On Tuesday, two of Brett Kavanaugh’s high school classmates, each named by accuser Christine Blasey Ford as witnesses to the 1982 assault she alleges, issued public statements flatly denying that they saw anything even resembling Ford’s story. Yet on Wednesday, CNN viewers barely heard a peep about these denials, even as the Kavanaugh story dominated their on-air coverage. From 4:00 a.m. to 2:00 p.m. Eastern, CNN spent 3 hours and 23 minutes talking about the Kavanaugh controversy, but only a paltry eight minutes of that time was devoted to these confirmations of Kavanaugh’s unequivocal denial.



An MRC study of all ABC, CBS and NBC evening news coverage of the President this year finds reporters used highly-charged words to paint him as unhinged or out-of-control. Viewers heard Trump variously described as “furious” (17 times), “fuming” (14), “outraged” (8), “venting” (5), “infuriated” (5), “livid” (3), “enraged” (3), “seething” (2), or just plain-old “angry” (23). The President was also “on the warpath,” “volcanic,” “unglued,” “spoiling for a fight” and even “went ballistic,” according to reporters at various times this year.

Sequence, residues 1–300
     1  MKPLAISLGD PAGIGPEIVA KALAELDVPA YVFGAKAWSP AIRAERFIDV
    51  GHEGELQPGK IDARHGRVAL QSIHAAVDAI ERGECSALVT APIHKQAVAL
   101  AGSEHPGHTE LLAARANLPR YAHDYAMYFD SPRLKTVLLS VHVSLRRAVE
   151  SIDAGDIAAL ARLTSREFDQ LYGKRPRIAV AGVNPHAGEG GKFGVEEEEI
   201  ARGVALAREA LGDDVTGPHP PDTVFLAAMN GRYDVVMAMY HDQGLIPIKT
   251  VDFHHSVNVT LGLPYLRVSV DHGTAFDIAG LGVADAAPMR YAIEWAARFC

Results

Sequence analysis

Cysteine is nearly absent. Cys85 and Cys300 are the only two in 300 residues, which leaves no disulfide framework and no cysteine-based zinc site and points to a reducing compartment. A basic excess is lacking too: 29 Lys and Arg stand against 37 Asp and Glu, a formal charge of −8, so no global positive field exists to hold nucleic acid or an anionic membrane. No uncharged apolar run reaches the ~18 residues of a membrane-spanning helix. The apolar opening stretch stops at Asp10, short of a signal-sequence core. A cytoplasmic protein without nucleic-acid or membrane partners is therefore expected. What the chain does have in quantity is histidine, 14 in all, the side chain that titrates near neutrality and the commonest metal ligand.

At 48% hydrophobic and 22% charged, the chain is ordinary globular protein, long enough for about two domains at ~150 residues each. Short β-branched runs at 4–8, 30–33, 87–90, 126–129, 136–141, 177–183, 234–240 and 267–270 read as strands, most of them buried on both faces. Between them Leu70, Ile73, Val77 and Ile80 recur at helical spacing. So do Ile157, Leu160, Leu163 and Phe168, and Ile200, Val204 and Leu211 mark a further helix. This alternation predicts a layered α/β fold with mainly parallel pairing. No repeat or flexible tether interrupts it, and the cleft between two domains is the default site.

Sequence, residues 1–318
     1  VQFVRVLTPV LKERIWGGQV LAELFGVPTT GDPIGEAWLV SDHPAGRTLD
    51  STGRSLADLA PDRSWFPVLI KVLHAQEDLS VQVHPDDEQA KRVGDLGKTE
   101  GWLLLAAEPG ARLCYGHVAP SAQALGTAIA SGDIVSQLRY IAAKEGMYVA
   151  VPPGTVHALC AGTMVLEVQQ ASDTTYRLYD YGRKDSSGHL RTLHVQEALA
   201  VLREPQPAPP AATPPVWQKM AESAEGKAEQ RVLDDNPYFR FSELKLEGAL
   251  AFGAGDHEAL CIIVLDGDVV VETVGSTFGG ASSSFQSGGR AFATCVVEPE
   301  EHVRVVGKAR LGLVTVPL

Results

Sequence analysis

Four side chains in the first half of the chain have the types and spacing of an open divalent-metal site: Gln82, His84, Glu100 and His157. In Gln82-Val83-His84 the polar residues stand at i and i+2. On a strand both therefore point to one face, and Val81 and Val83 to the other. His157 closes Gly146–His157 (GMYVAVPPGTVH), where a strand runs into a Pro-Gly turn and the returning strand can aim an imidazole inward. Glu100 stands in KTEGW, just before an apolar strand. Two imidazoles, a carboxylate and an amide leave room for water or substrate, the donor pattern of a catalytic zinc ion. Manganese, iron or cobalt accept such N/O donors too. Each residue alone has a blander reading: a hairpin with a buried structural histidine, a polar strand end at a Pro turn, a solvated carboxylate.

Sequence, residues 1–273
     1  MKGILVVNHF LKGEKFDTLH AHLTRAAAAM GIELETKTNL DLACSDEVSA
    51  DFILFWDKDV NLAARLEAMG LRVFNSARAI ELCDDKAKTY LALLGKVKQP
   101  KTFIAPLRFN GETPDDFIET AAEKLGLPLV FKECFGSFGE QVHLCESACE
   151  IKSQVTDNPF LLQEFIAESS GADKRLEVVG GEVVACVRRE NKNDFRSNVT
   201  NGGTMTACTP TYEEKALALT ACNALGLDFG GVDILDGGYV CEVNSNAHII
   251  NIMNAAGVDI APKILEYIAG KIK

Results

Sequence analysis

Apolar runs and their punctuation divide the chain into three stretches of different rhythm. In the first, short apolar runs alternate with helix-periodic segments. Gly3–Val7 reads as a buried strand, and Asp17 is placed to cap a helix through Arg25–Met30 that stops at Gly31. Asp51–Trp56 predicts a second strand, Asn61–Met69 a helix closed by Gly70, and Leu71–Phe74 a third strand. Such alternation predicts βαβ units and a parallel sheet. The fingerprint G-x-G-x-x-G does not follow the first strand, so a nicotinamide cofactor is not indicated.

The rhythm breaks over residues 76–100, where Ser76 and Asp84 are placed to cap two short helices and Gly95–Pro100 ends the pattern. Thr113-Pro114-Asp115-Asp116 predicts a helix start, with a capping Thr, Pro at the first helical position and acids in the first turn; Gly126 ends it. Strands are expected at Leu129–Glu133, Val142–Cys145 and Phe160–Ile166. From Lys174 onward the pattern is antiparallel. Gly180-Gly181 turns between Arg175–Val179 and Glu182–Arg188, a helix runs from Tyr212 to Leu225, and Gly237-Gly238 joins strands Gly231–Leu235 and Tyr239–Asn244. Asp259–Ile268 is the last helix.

By far, the biggest news story of the Trump presidency has been the Russia investigation. As of August 15, the three broadcast network evening newscasts have devoted a combined 1,854 minutes to the probe, or nearly one-fifth (19.6%) of all of their Trump news. Yet virtually none of that airtime (just 62 minutes, or 3.3%) has been spent scrutinizing Robert Mueller’s investigation — a big shift from twenty years ago, when the networks made Ken Starr’s conduct the focus of much of their coverage.